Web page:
Employment Law Trending Now – The Legalization Of Recreational Marijuana in Illinois: Key Issues for Employers to Consider
Illinois has officially joined the ranks of 10 other states that have legalized recreational marijuana. On June 26, 2019, Governor J.B. Pritzker signed the Cannabis Regulation and Tax Act (“Cannabis Act”) into law, legalizing the sale, possession and use of marijuana for recreational use by adults over the age of 21. The Cannabis Act, the full text of which is available here, will go into effect on January 1, 2020. In a little more than six months, Illinois residents will be allowed to possess up to 30 grams of raw cannabis from licensed dispensaries.
What does the legalization of recreational marijuana mean for employers and their workplace policies, particularly with respect to drug testing, disciplinary policies, and hiring and interviewing procedures? While we do not have clarity on some of these topics, we can provide guidance and highlight several issues for employers to consider.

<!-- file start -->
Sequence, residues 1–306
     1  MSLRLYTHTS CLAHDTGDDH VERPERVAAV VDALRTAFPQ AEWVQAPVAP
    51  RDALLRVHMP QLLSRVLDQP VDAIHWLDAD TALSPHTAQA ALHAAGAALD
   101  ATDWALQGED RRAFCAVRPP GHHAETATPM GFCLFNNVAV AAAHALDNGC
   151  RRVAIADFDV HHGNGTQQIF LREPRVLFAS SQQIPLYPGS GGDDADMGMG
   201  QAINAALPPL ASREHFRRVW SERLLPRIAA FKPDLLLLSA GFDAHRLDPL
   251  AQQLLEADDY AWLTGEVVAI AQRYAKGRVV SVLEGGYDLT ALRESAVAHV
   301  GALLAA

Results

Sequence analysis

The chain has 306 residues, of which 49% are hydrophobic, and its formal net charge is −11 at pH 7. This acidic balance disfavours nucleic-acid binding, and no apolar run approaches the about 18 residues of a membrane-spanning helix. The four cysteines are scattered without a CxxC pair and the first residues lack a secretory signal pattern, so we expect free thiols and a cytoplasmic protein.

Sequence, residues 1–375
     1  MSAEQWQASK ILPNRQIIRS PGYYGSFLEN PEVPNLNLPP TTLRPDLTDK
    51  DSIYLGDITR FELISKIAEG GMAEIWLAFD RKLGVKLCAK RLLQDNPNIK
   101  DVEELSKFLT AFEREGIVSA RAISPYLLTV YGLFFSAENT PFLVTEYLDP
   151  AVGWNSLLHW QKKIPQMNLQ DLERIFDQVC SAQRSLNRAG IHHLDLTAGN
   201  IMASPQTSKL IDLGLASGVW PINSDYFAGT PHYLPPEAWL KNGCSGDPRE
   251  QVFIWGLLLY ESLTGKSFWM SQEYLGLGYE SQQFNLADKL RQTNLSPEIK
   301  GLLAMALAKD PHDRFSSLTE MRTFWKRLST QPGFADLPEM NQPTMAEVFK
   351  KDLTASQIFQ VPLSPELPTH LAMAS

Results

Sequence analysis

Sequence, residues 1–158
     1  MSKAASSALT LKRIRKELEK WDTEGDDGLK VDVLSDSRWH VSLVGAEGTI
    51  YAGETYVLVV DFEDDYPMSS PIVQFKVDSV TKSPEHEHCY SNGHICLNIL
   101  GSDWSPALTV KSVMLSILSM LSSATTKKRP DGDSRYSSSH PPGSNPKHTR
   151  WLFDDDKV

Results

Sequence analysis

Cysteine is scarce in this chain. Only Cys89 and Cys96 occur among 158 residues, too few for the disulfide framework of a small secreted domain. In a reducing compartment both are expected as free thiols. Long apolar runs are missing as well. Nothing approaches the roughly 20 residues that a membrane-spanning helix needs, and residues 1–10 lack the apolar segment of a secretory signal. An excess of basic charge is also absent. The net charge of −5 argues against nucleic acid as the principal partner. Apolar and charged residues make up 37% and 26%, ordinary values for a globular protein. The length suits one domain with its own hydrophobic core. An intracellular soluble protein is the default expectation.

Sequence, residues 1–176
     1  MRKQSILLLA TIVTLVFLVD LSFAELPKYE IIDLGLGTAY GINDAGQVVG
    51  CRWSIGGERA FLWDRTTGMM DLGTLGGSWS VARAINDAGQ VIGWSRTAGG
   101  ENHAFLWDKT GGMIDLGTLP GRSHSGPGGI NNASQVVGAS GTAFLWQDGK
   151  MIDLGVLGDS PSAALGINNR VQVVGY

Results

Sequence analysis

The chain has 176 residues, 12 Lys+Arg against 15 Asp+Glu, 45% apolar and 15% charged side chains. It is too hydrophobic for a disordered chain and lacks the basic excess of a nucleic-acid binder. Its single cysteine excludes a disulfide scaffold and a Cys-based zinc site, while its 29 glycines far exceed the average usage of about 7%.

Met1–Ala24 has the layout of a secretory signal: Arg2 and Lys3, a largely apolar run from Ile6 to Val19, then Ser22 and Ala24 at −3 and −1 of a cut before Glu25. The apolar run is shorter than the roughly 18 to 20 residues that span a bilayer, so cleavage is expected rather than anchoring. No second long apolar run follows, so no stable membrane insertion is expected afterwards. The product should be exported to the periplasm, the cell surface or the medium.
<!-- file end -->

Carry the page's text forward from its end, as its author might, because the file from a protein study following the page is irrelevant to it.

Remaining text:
Employers Cannot Discipline Employees for Off-Duty Use of Marijuana
Under the Illinois Right to Privacy in the Workplace Act (“Privacy Act”), employers cannot discipline or terminate employees for their consumption of lawful products outside of the employer’s workplace and during non-work and non-call hours.
The Cannabis Act expanded the Privacy Act’s definition of “lawful products” to include all products that are lawful under state law, which now includes marijuana. As a result, employers may not discipline or discharge employees who choose to consume recreational marijuana while off duty. Under the Privacy Act, employees who are wrongfully disciplined or terminated for marijuana consumption may pursue and recover actual damages, attorneys’ fees, costs, and statutory penalties for violation of the statute.
Employers May Continue to Implement Drug-Free Workplace Policies
While employers are prohibited from disciplining or terminating employees who consume marijuana off-site and during non-work or non-call hours, they still have the right to maintain zero tolerance policies (especially those employers that are subject to Department of Transportation Regulations and that are parties to federal contracts) and ban the use of marijuana in the workplace. Employers may also discipline and discharge employees who violate such workplace policies.